if (v1 instanceof Float || v1 instanceof Double
                    || v2 instanceof Float || v2 instanceof Double) {
                    double pwd = Math.pow(nv1.doubleValue(), nv2.doubleValue());
                    pow = Util.makeDoubleNode(pwd);
                } else {
                    long pwd = (long) Math.pow(nv1.longValue(),nv2.longValue());
                    pow = Util.makeLongNode(pwd);
                return env.bind(args[2], pow);
        // Doesn't (yet) handle partially bound cases
        return false;

Step 3: Organize the Manifest File

Organize the fragment using the Organize Manifests Wizard (Overview tab, META-INF -> MANIFEST.MF editor). In particular, on the "Runtime" tab add the package(s) containing your built-in(s) t othe "Exported Packages" and add the "bin" (assuming that's where compiled class files are placed) and the "META-INF" folders to the "ClassPath" so that the contents of these folders will be part of the fragment runtime. On the Overview tab you can increment the version number of your fragment as you make new releases.

Under the Plug-in Fragment project's META-INF folder (which contains the MANFEST.MF file), create a folder named "services". In this folder create a file with the same name as the base class, "com.hp.hpl.jena.reasoner.rulesys.Builtin". In this file, add one line for each custom built-in in the project. For example, the entry for the example built-in above might be as follows.

These names and packages must match exactly what is in your source code. The built-ins are then discovered in the jar file by a service loader and made available to the application. Use of a built-in within the SADL-IDE will cause the definition of that built-in to be added to the configuration.rdf file in the OwlModels folder, which will be used by SadlServer to load built-ins needed for a particular knowledge base.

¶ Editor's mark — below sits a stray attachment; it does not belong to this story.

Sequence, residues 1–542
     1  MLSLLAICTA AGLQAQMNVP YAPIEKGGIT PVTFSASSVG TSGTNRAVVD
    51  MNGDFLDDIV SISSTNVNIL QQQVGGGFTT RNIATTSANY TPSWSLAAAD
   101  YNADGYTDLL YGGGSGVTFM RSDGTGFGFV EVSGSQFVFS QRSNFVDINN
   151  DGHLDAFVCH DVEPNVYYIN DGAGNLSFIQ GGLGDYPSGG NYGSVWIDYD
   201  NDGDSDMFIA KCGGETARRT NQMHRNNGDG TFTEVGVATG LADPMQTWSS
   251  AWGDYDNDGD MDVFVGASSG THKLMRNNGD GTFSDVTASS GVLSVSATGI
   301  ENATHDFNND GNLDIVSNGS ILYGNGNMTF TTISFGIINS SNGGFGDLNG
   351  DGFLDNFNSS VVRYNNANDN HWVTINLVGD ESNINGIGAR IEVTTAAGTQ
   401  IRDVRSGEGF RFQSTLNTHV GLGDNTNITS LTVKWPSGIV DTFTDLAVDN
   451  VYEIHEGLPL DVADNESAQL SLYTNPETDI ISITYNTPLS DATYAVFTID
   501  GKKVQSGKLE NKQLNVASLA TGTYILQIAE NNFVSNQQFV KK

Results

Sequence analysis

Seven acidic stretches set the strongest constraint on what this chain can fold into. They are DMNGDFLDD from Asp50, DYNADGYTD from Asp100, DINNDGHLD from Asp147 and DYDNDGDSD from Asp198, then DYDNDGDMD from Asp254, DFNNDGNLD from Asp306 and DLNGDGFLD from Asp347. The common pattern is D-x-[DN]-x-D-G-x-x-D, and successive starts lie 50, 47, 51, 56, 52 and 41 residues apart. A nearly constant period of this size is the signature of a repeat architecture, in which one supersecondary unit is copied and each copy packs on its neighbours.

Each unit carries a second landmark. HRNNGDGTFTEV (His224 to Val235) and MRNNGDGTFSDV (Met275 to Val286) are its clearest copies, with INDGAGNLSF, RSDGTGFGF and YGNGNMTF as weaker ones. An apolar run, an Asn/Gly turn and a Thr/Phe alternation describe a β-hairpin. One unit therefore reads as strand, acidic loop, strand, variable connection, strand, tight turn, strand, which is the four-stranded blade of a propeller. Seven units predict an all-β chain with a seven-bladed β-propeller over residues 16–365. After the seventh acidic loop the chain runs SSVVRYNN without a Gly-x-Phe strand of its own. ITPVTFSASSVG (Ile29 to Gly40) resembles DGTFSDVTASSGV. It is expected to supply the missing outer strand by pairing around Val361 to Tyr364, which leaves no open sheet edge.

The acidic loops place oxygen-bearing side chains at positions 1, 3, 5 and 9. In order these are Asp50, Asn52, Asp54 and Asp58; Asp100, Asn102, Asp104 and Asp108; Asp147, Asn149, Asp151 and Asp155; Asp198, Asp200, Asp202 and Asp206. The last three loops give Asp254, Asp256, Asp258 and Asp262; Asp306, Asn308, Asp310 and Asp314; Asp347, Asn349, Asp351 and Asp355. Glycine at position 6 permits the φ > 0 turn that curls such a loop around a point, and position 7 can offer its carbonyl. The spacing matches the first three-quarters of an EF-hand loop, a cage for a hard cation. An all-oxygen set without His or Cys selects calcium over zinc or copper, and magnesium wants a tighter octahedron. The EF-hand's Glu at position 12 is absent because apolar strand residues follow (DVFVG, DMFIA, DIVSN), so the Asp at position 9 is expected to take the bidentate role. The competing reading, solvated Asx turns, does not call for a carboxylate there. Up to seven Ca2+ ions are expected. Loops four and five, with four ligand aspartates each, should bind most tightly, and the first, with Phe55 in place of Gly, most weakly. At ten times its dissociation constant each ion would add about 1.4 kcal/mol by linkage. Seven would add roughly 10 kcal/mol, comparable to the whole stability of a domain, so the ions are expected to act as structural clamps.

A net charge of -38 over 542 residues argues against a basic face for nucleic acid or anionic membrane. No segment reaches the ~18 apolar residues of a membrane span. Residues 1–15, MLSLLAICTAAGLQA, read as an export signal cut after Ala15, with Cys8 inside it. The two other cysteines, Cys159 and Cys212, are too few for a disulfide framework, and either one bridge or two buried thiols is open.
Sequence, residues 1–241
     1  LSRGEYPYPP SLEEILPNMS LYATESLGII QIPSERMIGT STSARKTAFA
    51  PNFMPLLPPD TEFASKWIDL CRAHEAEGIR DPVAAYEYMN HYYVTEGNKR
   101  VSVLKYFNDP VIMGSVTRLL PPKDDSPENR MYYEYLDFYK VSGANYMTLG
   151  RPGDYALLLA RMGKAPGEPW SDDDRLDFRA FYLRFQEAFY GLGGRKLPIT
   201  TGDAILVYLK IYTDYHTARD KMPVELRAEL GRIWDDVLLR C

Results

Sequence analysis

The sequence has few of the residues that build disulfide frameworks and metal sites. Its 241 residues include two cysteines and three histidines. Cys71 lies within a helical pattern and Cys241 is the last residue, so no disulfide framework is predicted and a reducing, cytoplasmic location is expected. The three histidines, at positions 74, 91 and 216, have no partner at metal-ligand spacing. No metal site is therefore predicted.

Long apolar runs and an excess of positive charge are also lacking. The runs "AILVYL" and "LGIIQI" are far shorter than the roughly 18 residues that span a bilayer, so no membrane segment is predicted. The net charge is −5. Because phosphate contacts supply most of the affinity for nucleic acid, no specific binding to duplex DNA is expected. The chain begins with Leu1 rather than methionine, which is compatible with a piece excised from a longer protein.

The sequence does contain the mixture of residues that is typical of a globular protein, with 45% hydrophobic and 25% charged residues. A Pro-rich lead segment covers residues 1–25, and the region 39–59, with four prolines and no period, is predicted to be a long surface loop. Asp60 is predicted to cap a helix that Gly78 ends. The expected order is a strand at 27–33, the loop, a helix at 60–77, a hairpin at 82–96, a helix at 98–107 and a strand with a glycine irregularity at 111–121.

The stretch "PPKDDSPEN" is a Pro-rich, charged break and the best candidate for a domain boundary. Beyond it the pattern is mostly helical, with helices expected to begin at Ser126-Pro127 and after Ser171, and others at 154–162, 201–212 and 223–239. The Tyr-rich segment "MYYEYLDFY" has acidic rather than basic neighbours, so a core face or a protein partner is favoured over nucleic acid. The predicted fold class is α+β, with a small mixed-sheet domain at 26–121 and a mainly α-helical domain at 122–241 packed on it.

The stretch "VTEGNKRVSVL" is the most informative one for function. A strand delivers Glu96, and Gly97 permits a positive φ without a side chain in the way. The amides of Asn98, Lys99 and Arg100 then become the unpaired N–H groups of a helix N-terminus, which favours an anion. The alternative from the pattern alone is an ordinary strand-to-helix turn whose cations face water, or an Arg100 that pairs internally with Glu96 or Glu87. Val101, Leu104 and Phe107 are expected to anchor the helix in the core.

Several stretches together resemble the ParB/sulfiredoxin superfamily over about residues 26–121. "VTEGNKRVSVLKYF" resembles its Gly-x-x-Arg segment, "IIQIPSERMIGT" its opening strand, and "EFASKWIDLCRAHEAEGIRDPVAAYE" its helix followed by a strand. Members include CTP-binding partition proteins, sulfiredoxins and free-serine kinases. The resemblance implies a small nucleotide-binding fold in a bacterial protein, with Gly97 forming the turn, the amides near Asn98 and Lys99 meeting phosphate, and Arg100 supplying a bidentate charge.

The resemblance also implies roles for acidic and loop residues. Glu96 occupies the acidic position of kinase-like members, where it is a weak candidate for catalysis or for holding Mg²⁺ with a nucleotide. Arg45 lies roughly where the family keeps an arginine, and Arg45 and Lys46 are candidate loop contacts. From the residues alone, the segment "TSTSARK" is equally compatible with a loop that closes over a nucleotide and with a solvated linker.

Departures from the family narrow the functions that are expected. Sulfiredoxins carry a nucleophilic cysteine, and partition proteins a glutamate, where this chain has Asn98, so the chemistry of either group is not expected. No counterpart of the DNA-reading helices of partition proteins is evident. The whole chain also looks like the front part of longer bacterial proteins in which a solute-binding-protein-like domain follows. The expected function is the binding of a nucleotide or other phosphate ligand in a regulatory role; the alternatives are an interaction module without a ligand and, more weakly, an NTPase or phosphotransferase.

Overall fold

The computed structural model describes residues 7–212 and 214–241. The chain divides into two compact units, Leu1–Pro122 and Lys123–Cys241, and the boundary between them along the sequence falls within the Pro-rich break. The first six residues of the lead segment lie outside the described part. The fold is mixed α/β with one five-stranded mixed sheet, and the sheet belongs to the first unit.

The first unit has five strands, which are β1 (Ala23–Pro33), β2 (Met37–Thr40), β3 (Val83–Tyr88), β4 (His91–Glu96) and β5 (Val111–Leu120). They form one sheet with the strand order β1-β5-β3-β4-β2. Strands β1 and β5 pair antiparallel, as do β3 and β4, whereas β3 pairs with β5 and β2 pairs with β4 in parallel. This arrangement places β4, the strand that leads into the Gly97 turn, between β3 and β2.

Step 4: Create a Feature Project

Create a new Feature Project (File -> New -> Project..., Plug-in Development -> Feature Project), e.g., PowBuiltinFeature. On the "Plug-ins" tab of the feature.xml editor, add your new fragment. Add explanation, copyright, and licensing information to the "Information" tab.

Step 5: Create an Update Project

Create a new Update Site Project ((File -> New -> Project..., Plug-in Development -> Update Site Project), e.g., PowBuiltinUpdate.  Open "site.xml" in the default editor and add your feature to the "Site Map" tab. It is a good idea to create a New Category and add your feature under the category. Click on Build All to build the update site. For subsequent releases, you may add new feature versions to the category. If you wish previous version to be available, leave them in the site.xml file. If not, drop old versions by selecting and deleting (delete key).

Deploying the Custom Built-in

To deploy a set of custom Jena built-ins to the SADL-IDE, create an update site to allow users to easily add your custom built-ins to their Eclipse environment. This will normally be a Web site to which they have access with appropriate access control. Copy the contents of your Update Site Project to this update site. The following files and directories with content should be copied to the site:

  1. site.xml
  2. content.jar
  3. artifacts.jar
  4. features
  5. plugins

Users can then use the Eclipse Install New Software function to add the fragment containing your built-ins to their SADL-IDE plug-ins. This will place the new plug-ins on the classpath of the IDE and allow them to be used in your models' Jena rules.

Installing Custom Built-ins in SADL-IDE

The SADL-IDE is a set of plug-ins for Eclipse that implement the SADL language editor and testing environment. The update site for the customer built-ins created by following the instructions above will create an update fragment requiring that the SADL-IDE be installed before the custom built-ins. To install the custom built-ins, select from the Eclipse menu Help -> Install New Software.... Click the "Add..." button and enter a name for the built-ins and the location of the update site created in the step above. Follow the instructions to complete installation of the fragment extending the SADL-IDE with the new built-ins.